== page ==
This is a point (in a long line of other points) that I‘ve been meaning to address. Let me start out by saying that (in case you haven’t noticed), I really skew my voice (and therefore my content) on this website toward what I see as the majority of the wine buying public. The masses, if you will! This audience being; people who obviously enjoy wine, people who want to know more about wine, but at the same-time, people who don’t necessarily want to spend $30+ on every wine bottle purchase. The casual drinkers!
To confirm this, I received one of my greatest compliments in November of last year when a fan of the website approached me in public (I was wearing a t-shirt with the website logo on at the time), and he stated “I love your site! It’s a wine guide for the rest of us!” That comment was one of the first times that signaled to me that I am headed in the right direction with this content.
I will go on record and state that there are plenty of other wine sites out there if you’re looking for a little more poetic license, or wine tasting notes which wax lyrical. But I personally just don’t have it in me to write in that style. I also have to say that it has found me a little while to find my true voice on this website. I hate to say that I’ve been holding back, but I guess I have, so for that I apologize.
I am often asked “Was this a good year for this wine?” or “Is it true that XXXX was a bad year for this region!”
Wine vintages are such a tricky thing to understand, so I don’t possibly think I can cover too much ground in this one article. All I’m hoping to convey is where I personally stand on the concept of wine vintages.
My mantra for “the masses” i.e. the general wine buying public has (and I think always will be, although it’s hard to predict the future), IGNORE VINTAGES!
To me I generally find them meaningless. My thoughts behind such a statement has come from tasting plenty of wines produced in “not so great” years, and having been thoroughly impressed with them, and vice-versa. So do I think you should stay away from a particular wine because you heard / read it was a bad year for that region? No, I don’t think so, but I’m sure there are plenty who will disagree with me on that point.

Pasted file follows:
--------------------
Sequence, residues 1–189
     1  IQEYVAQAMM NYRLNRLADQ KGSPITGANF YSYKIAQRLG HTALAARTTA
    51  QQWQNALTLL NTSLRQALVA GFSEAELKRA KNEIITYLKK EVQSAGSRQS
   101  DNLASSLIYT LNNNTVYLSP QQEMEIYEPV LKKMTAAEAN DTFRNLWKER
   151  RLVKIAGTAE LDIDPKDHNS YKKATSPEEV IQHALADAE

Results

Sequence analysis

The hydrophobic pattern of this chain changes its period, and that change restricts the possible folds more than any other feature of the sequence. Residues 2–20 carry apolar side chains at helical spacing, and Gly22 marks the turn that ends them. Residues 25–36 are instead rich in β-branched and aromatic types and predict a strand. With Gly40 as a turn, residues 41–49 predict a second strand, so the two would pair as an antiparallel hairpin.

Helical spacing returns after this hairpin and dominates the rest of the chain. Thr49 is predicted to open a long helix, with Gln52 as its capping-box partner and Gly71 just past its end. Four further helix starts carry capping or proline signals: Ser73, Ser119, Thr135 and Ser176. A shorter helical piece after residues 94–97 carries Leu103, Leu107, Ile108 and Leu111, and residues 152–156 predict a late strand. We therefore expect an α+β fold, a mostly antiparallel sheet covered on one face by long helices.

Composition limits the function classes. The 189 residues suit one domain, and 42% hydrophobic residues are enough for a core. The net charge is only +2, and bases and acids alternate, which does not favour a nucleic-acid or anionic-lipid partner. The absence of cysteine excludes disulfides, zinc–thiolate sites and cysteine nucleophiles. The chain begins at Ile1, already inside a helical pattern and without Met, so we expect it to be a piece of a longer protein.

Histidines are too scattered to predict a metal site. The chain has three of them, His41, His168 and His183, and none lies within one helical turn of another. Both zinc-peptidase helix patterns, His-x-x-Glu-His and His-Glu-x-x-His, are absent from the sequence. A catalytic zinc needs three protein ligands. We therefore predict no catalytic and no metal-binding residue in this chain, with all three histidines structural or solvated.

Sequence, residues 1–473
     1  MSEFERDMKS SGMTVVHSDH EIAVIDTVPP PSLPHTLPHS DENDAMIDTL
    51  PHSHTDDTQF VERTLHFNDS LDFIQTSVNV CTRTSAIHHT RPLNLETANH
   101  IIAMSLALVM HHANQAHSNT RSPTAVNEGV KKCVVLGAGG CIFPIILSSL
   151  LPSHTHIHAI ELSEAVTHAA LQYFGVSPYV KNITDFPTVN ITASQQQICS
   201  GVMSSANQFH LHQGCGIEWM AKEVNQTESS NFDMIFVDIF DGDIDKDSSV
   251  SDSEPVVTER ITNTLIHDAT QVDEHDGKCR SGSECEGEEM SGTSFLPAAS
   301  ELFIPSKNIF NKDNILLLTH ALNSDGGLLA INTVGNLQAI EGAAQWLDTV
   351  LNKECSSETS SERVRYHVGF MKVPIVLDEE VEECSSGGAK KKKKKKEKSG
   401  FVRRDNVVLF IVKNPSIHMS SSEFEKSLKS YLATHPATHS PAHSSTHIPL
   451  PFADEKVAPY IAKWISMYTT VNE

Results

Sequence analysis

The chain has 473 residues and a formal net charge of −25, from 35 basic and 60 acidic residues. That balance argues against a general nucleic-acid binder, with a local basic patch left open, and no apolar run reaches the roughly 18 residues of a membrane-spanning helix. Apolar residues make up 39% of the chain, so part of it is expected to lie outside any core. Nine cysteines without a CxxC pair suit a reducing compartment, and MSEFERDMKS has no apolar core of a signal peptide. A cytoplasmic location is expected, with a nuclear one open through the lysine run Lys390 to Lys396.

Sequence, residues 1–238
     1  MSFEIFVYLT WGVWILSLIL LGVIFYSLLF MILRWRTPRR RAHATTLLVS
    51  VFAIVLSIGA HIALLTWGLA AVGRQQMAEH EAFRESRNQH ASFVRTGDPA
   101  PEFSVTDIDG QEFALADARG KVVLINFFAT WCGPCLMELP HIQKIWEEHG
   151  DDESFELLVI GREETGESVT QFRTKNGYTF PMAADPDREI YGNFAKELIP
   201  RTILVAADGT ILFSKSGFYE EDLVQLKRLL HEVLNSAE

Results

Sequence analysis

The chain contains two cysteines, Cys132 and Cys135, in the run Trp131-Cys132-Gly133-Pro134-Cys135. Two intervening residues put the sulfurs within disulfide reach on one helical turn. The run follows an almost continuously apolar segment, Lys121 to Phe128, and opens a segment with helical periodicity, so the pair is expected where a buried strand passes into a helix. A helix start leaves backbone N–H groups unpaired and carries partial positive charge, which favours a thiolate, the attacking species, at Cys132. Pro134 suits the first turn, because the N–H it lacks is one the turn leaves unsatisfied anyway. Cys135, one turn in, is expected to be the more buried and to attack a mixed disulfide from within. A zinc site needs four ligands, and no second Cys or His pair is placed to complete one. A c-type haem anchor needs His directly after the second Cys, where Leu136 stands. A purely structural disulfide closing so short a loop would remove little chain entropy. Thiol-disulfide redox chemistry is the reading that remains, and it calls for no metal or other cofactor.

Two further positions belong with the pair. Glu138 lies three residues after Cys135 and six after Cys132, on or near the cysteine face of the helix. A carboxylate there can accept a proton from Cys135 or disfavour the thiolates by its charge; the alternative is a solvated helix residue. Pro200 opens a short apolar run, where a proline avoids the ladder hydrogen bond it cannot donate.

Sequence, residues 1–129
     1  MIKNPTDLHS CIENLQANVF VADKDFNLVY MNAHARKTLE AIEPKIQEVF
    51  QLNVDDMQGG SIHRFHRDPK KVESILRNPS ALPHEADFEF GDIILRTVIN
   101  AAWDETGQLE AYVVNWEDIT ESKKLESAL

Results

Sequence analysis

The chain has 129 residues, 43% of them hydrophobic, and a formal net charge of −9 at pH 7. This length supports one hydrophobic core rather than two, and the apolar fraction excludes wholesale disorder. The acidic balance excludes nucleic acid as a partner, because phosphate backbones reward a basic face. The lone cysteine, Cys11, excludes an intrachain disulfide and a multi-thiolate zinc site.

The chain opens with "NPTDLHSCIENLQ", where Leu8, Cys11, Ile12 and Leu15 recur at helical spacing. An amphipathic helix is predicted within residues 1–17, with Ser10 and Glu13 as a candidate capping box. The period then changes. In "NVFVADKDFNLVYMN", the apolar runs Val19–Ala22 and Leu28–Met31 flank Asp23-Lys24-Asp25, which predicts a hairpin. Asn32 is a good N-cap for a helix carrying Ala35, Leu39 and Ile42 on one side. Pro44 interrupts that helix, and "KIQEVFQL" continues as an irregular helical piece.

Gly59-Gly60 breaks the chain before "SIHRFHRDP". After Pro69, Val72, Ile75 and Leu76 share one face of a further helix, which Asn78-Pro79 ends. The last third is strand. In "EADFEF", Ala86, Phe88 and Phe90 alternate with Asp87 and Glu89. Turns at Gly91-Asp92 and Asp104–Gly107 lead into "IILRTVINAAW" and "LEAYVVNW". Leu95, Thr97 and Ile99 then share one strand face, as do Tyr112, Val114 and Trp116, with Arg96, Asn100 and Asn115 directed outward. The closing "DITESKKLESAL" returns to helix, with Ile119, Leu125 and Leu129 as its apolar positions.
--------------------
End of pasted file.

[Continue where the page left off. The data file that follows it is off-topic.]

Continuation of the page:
I believe technology and the talent of winemakers is now so great that it’s possible to make amazing wine, in even the most mediocre of years. It obviously can’t be forgotten that quality grapes are the basis for a good wine, but with good vineyard management, that too can be handled (for the most part) in a poor vintage.
For me, the only time vintages really come into play is when you are dealing with cellaring a wine i.e. planning on keeping it around for the long haul, or trying to work out the best time to open a bottle after cellaring.
All of the aforementioned slandering of vintage charts doesn’t mean to suggest that they don’t have a place (although I GUARANTEE they will start dying out as the Millennial’s take over), but I think it unwise to treat them as the final word on a wine from a producer in a given year.
The Wine Spectator magazine used to print (I’m sure they still do, although I no longer subscribe) a pocket-size vintage chart, so that when you are walking round your local wine boutique, you can whip out your handy-dandy little piece of folding cardboard, and use it to decide whether a wine is suitable to grace your lips. Admittedly I myself kept the offending piece of cardboard in my wallet for some years, however I think if consumers are learning to trust anything for on-the-fly wine info, it will be the new era of apps / reviews on their cell phone. User created content which gives taps into the general consensus of the wine guying public.
With all of this being said, it’s probably worth remembering that any role that vintage charts play, or as good as technology gets; neither one will ever be able to replace your own palate!This entry was posted in News and tagged Vintages, Wine Spectator. Bookmark the permalink. ← Torres Family Wine Event @ Restaurant Medure If Restaurants Were Honest →